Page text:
Once your brand is established and known, brand management begins. The idea is to take your brand from known to respected to well-liked to beloved. We can all think of brands we love. By the same token we can all name a brand or two that we hate. Brand management is about ending up in the beloved column and not in the hated column. When your brand is beloved, it becomes the easy first choice for much of your market. That’s where you want to be. You want your competitors to be barely considered at all. I’ve lived in Los Angeles for 44 years. I know what my favorite Mexican restaurant in the whole city is. I love it. It is my easy first choice for a Mexican culinary experience. Except it’s pretty far away from my house. If I don’t want to drive a half hour or more, I have another easy first choice for Mexican only 1.5 miles away. People make different choices in different situations all the time. As brand manager, your job is to figure out what is the best positioning for your brand and then to become the no-brainer option for that situation. How do you do that? Clear, concise and consistent communication.
One of my favorite quotations is from George Bernard Shaw who said, “The single biggest problem in communication is the illusion that it has taken place.” So true. The world is full of advertising. Whether online or offline, you can’t get away from it. Lots of shouting but very little communication. Have you ever had to send an extra email or two because you can’t get a clear answer from your correspondent? Even there, communication can be difficult. Let’s see if we can make your communication effective.
That means keep your message simple. Tell people what you want them to know but only one thing at a time. Don’t cram everything that’s great about you into one ad. Don’t even add a second thing. Deliver your advertising message (what you want them to know) clearly through your copy. But deliver the branding message (how you want them to perceive you) through semiotics. Semiotics is the study of signs. Think of it as visual communication. People should understand what kind of experience to expect through the images you include in your marketing, through the color and font choices, etc. Hopefully, you’ve done a good job at establishing these brand assets in the mind of your market. They should instinctively associate them with your brand. If you have to add copy to an ad, telling them who you are, you’re not doing it right. You can do that on your website but, even there, most websites are far too wordy.
Be simple but also be short. People don’t really read any more. Most ad copy today is written at a 6th grade level. That’s not because people are dumb. It’s because they don’t have much time to read. Instead they scan, so the message has to come through in just a couple of seconds. The same is true for video ads. Studies show that viewers will give an ad just two seconds before they start staring at the Skip button, impatiently counting down three more seconds before they can click it. So you want to make sure your messaging is simple enough and short enough to actually communicate something.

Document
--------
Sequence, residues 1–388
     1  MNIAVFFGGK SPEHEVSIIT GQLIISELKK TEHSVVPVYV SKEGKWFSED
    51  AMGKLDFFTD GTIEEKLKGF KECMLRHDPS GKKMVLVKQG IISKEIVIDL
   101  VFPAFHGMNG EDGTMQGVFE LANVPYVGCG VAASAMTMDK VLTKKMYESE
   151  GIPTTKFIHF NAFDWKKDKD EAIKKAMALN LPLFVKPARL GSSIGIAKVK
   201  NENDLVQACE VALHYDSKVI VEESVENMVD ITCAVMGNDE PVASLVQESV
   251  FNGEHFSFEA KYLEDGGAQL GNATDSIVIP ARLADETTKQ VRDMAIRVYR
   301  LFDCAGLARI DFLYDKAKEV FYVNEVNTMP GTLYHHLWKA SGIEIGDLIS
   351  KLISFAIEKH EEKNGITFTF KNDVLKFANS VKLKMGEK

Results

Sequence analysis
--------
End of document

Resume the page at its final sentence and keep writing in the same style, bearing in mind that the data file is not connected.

I once observed that when graphic designers first meet a client they ask, “What’s the problem?” But when advertising people first meet a client they ask, “What’s the budget?” That may make them seem greedy but it’s actually the best first question they could ask. The effectiveness of the messaging will depend on the number of times consumers encounter it. You need to know the budget in order to decide which media mix will allow you to be consistently in front of your market. Consistency means consistency of outreach, not necessarily consistency of message. Over time your advertising messages will want to change. You’ll have special offerings, new products and other benefits to introduce. But your brand messaging, the signs and signals that communicate who you are, should remain constant. And people should see your messaging at not infrequent, regular intervals.
Clarity. Brevity. Consistency. These are the characteristics of marketing communications that make a brand desired and admired. Make these the hallmarks of your messaging. Don’t forget to always deliver on your brand promise. You’ll soon be the easy first choice of a sizable portion of your market.
BEST BRANDING READS – WEEK OF NOVEMBER 2, 2020
How Brands Thrive On Being The Opposite
Sometimes you can define your brand by describing what it is not.
How Walmart Plans to Become a Force for Good
Even Walmart has noticed that branding is changing.
Can Brands Contribute Their Share to Happiness?
See to it that your brand makes someone happy today. We need all the help we can get.
Interview: How Instinctive Emotion Drives Behavior, with Cyrus McCandless, PhD
Deeper insights into how our lizard brain makes our choices for us.
Morton Revamps Its Packaging so Shoppers Will Know the Brand Sells More Than Just Table Salt
You may have noticed this at your grocery store.
Effectiveness insights from ten years of Snickers’ “You’re not you when you’re hungry”
What a great campaign. Can’t believe it’s been ten years. Great insights in this article.
Today’s Brands Need Heroic Credibility
The key word is credibility. If you want to champion an issue, select one in which you have actual standing.